While it sometimes seems that condo buildings are being built everywhere, Toronto does impose limits on where condo buildings can exist.
The City of Toronto prohibits conversion of apartment buildings to condominiums. This protects affordable and mid-range rental units in the city from being converted to non-rental housing.
Those who choose to purchase a home and desire “condo living” have three options each of which provide specific benefits.
The most popular choice today is to purchase a condo or condominium which means being part -owner of a condo corporation. You own your unit and receive a deed. You share an interest in common elements with all condo corporation members.
Choosing to purchase into a co-op means you own shares in a private company that owns the building and are provided with exclusive rights to occupy a specific unit. One of the advantages of co-op living is that potential owners are pre-screened by the board.
Co-ownership, owning a percentage of the building, is popular in areas where condos are not allowed. Your name goes on title for the building and you receive exclusive rights to a unit in the building. Property taxes are paid as part of monthly maintenance fees. Heat and hydro costs are often included in monthly maintenance fees. Where the city will not allow older apartment buildings to be retrofitted and sold as condos, co-ownership allows these buildings to be repurposed and sold to those who desire condo living. Buyers typically purchase after seeing the retrofitted space rather than relying on building plans which can be changed prior to taking possession.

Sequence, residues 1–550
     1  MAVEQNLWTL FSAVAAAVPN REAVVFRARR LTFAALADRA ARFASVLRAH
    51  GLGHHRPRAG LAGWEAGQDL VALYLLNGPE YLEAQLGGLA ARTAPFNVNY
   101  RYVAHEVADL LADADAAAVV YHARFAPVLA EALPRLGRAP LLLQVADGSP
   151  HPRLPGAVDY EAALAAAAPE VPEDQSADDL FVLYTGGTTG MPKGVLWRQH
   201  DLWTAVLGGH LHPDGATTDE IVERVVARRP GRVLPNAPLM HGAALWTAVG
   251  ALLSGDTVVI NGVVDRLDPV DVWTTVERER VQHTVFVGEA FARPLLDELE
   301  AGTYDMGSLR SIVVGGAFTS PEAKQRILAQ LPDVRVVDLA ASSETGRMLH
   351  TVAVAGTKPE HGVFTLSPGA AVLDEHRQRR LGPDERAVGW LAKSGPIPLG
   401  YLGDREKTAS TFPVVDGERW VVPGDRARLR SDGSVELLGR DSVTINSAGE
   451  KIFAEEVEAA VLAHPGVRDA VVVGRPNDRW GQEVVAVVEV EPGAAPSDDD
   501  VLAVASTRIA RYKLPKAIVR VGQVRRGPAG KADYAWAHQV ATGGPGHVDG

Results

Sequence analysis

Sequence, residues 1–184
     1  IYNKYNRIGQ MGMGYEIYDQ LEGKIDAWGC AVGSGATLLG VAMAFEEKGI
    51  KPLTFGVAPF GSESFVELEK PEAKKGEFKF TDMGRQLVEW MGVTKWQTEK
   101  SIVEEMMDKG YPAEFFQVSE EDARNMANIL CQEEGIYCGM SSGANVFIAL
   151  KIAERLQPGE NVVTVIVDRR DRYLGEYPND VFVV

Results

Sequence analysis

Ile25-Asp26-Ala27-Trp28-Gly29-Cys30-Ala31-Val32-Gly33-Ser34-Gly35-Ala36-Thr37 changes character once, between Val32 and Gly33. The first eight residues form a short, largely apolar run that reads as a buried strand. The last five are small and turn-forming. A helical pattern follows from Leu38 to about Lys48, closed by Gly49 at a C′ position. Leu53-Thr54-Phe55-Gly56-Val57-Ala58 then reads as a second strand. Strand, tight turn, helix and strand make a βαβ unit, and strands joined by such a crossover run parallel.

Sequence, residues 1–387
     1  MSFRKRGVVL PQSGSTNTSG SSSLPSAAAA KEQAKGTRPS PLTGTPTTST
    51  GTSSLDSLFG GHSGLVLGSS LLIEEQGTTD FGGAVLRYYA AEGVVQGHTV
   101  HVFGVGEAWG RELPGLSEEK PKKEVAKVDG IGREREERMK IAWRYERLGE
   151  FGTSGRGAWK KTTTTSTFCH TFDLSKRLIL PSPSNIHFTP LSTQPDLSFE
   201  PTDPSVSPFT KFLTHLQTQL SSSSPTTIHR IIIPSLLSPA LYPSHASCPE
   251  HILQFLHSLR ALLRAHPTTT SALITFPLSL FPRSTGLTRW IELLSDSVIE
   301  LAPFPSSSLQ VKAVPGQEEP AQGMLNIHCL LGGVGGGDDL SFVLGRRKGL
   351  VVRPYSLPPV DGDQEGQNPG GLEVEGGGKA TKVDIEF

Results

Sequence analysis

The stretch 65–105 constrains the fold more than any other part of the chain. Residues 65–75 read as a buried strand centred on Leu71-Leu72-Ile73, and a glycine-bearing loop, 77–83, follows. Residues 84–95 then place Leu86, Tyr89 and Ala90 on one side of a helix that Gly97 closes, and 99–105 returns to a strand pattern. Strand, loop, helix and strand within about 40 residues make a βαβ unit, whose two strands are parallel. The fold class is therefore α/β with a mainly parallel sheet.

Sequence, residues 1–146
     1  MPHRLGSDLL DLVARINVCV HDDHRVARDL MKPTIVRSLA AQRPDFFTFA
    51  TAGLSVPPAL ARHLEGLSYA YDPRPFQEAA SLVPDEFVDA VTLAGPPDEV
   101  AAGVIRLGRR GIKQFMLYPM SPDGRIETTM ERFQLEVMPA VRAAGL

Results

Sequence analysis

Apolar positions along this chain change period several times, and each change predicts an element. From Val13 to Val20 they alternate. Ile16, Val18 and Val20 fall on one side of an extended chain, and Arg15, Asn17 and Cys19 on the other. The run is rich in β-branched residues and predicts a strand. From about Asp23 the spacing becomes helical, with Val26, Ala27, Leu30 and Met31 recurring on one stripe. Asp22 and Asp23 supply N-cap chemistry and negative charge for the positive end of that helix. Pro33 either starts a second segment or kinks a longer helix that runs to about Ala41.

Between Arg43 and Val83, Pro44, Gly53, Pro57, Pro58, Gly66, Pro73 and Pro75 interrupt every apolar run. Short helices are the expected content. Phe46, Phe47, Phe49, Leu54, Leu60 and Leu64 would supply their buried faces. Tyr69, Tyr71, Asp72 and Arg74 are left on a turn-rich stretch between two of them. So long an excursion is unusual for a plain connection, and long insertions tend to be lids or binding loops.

All forms of “condo living” have a governing body; building management; common expenses and maintenance fees; and the right to sell, lease or mortgage units without consent of other residents or owners.